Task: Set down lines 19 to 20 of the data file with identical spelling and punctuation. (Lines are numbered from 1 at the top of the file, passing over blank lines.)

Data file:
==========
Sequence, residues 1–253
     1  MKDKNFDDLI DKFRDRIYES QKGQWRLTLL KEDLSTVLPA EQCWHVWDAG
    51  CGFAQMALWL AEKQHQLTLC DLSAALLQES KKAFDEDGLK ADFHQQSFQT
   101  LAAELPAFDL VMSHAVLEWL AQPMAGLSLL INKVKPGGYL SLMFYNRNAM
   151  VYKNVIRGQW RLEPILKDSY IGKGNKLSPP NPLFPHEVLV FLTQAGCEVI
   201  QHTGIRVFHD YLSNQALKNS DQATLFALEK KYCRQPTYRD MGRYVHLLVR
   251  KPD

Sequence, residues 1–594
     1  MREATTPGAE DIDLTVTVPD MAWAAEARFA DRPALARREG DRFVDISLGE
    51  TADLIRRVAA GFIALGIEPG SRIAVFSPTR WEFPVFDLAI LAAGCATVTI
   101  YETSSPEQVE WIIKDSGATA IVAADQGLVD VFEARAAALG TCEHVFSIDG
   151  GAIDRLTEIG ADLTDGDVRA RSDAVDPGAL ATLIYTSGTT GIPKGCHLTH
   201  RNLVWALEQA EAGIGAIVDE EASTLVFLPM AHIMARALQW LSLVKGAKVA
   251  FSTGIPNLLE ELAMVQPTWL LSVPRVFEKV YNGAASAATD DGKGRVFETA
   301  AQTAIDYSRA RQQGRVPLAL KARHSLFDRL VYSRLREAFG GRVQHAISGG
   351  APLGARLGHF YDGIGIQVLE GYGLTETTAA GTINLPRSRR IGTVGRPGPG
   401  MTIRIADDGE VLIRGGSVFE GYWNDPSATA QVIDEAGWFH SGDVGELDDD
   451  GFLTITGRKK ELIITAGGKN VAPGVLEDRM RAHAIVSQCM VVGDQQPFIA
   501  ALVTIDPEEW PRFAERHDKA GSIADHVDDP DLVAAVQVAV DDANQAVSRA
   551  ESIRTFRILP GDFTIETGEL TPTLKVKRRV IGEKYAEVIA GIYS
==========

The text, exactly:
   501  ALVTIDPEEW PRFAERHDKA GSIADHVDDP DLVAAVQVAV DDANQAVSRA
   551  ESIRTFRILP GDFTIETGEL TPTLKVKRRV IGEKYAEVIA GIYS